Remembering War: Frontline Verses
The New Trade
In the market-place they have made
A dolorous new trade.
Now you will see in the fierce naphtha-light,
Piled hideously to sight,
Dead limbs of men bronzed in the over-seas,
Bomb-wrenched from elbows and knees;
Torn feet, that would, unwearied by harsh loads,
Have tramped steep moorlands roads;
Torn hands that would have moulded exquisitely
Rare things for God to see.
And there are eyes there – blue like blue doves’ wings,
Black like the Libyan kings,
Grey as before-dawn rivers, willow-stirred,
Brown as a singing-bird;
But all stare from the dark into the dark,
Reproachful, tense, and stark,
Eyes heaped on trays and in broad baskets there,
Feet, hands, and ropes of hair.
In the market-places . . . and women buy . . .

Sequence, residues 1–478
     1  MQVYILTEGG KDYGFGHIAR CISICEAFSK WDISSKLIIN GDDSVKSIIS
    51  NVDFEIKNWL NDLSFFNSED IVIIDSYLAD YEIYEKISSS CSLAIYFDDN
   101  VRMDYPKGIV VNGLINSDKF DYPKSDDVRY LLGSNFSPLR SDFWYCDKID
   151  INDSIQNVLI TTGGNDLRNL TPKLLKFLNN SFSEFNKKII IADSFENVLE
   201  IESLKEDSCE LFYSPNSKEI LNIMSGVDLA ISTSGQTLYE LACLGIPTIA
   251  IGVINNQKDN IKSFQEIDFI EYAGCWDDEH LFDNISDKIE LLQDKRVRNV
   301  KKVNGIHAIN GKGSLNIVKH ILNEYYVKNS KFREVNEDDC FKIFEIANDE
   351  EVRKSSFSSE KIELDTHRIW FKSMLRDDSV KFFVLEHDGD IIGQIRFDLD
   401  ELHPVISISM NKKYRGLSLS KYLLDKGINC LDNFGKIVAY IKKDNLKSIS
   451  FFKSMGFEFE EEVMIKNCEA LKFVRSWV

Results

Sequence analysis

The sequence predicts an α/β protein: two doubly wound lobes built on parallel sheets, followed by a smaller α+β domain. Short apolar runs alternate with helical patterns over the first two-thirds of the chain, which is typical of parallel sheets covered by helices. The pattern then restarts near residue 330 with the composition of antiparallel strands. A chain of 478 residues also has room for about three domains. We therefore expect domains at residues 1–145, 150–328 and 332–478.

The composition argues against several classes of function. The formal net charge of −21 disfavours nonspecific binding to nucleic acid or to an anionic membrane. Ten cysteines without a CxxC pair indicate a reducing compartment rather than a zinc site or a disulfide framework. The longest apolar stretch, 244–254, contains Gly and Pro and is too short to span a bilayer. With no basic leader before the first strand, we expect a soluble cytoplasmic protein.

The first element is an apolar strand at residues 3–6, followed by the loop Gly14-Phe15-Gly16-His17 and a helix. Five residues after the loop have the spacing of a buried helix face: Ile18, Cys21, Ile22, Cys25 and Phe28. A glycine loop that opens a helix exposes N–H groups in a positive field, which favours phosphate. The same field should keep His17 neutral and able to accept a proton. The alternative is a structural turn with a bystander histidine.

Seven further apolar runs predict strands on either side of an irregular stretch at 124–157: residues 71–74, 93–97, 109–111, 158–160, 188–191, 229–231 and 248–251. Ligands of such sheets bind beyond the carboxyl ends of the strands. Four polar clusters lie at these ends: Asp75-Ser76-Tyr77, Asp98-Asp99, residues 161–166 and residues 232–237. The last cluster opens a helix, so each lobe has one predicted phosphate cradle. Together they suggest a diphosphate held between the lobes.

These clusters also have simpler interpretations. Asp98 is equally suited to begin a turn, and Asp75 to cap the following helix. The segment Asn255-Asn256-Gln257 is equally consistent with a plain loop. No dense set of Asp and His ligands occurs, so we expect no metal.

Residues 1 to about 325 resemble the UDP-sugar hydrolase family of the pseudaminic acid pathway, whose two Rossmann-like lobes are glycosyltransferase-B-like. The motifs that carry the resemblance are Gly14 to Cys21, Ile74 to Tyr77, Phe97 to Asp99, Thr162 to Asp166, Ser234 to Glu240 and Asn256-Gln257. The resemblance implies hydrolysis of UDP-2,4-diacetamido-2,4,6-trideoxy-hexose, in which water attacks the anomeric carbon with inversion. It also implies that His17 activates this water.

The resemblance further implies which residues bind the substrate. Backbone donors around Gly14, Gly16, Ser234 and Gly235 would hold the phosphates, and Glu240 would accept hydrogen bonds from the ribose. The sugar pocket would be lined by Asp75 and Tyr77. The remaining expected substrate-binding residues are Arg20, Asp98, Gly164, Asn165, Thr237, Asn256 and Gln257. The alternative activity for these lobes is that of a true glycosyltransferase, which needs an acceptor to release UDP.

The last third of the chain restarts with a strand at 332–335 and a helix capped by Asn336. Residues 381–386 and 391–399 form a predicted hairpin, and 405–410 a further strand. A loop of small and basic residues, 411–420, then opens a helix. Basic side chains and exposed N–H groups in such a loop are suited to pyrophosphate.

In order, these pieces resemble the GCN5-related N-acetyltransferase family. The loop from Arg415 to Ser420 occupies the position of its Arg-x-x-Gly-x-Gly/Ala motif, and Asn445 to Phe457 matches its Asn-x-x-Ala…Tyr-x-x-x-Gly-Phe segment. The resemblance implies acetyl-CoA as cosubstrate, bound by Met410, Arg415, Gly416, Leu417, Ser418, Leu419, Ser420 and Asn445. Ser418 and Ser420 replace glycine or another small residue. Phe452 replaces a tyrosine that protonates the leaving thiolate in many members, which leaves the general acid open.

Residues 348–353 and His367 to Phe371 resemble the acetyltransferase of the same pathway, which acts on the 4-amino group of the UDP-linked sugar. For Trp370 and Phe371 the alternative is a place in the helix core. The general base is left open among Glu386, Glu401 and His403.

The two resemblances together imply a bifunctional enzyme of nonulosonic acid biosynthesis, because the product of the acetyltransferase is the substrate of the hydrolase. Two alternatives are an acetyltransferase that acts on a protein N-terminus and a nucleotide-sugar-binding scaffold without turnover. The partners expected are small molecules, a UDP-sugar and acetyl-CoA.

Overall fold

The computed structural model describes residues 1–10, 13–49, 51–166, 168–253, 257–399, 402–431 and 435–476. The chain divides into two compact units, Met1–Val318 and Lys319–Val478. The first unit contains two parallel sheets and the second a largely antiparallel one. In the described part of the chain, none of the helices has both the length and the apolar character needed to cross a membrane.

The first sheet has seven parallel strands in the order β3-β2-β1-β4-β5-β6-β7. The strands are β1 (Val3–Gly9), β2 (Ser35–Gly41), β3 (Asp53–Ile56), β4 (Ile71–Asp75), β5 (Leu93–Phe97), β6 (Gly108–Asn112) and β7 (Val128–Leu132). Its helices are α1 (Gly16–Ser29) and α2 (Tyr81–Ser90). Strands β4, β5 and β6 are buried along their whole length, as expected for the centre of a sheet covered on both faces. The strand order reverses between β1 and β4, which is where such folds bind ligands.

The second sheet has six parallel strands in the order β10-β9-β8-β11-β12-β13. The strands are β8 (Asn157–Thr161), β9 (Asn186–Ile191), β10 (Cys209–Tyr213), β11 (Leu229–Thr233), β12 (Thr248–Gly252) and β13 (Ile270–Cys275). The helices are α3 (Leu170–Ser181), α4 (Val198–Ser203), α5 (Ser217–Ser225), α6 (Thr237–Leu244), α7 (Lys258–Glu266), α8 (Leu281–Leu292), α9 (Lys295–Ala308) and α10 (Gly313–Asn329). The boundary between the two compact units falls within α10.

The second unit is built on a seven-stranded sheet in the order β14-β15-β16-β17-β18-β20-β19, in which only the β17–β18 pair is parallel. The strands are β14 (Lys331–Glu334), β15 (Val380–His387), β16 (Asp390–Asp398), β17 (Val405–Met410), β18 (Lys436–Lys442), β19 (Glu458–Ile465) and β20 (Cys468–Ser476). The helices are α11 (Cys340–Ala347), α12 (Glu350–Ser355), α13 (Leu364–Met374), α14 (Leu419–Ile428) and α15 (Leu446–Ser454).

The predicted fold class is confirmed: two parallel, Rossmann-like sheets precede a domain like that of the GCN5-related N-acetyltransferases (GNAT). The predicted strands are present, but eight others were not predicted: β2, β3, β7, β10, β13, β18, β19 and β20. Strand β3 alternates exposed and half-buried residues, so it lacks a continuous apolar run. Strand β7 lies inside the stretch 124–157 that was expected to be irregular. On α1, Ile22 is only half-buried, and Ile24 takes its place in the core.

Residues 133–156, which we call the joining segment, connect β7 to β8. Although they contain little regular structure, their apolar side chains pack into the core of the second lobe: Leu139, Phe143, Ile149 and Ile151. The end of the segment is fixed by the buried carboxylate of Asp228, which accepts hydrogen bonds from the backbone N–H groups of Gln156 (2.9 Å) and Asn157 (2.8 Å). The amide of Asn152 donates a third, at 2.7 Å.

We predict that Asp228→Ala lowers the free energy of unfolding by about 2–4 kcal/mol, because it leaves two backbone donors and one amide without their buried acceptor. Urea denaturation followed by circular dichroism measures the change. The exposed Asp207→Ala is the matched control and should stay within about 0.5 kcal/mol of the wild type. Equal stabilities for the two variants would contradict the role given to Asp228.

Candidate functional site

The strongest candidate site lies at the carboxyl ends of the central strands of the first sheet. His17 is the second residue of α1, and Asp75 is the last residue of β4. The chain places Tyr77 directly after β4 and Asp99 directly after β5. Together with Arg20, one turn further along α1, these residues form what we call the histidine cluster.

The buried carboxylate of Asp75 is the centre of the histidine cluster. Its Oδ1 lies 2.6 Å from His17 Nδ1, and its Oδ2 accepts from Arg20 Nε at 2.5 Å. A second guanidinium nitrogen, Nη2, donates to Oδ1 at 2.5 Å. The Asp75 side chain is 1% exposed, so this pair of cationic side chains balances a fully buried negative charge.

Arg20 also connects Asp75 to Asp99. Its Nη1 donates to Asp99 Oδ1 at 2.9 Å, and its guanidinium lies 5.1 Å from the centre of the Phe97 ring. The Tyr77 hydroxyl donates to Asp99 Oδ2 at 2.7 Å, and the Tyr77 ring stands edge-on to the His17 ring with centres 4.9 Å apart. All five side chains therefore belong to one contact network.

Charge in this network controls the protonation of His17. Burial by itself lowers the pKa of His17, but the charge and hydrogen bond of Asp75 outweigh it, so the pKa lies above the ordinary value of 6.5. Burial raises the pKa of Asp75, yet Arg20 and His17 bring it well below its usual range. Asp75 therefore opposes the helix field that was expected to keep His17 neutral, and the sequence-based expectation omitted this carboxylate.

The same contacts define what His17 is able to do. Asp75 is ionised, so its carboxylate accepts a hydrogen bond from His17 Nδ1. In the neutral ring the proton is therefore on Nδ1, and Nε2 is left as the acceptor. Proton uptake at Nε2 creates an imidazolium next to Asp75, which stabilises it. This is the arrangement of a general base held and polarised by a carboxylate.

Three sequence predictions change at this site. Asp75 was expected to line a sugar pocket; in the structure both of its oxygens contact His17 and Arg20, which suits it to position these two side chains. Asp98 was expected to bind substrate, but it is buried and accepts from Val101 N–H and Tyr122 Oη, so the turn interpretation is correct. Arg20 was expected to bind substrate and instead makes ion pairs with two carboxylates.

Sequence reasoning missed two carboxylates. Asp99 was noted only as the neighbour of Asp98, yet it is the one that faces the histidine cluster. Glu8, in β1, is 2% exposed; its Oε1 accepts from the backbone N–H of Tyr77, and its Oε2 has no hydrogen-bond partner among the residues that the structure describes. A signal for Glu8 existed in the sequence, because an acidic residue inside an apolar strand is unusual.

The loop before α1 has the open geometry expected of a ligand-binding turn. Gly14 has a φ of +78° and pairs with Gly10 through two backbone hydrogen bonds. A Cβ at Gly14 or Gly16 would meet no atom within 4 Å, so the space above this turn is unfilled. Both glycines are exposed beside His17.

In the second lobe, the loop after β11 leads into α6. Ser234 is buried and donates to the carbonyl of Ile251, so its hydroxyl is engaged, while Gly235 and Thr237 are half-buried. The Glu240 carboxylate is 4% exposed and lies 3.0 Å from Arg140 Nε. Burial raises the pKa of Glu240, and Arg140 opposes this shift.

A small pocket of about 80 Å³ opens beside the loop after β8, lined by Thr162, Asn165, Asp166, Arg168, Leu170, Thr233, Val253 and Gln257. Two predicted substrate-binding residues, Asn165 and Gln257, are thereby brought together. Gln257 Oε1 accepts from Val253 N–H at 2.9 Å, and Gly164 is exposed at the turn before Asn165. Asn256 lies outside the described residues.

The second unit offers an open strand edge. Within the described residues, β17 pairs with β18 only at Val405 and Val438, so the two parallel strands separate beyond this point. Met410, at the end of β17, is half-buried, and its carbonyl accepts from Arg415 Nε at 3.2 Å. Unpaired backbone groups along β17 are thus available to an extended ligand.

. . . Naphtha glares . . . hawkers cry . . .
Fat men rub hands . . .
O God, O just God, send Plague, lightnings . . .
Make an end!Louis Golding
Rivaling the best of Owen’s work, this powerful poem is taken from Voices of Silence: The Alternative Book of First World War Poetry, by Vivien Noakes, published by Sutton Publishing. Released for Remembrance Sunday, this collection of frontline verse showcases work by several poets, including Hampden Gordon and Jessie Pope. See more selections at Times Online.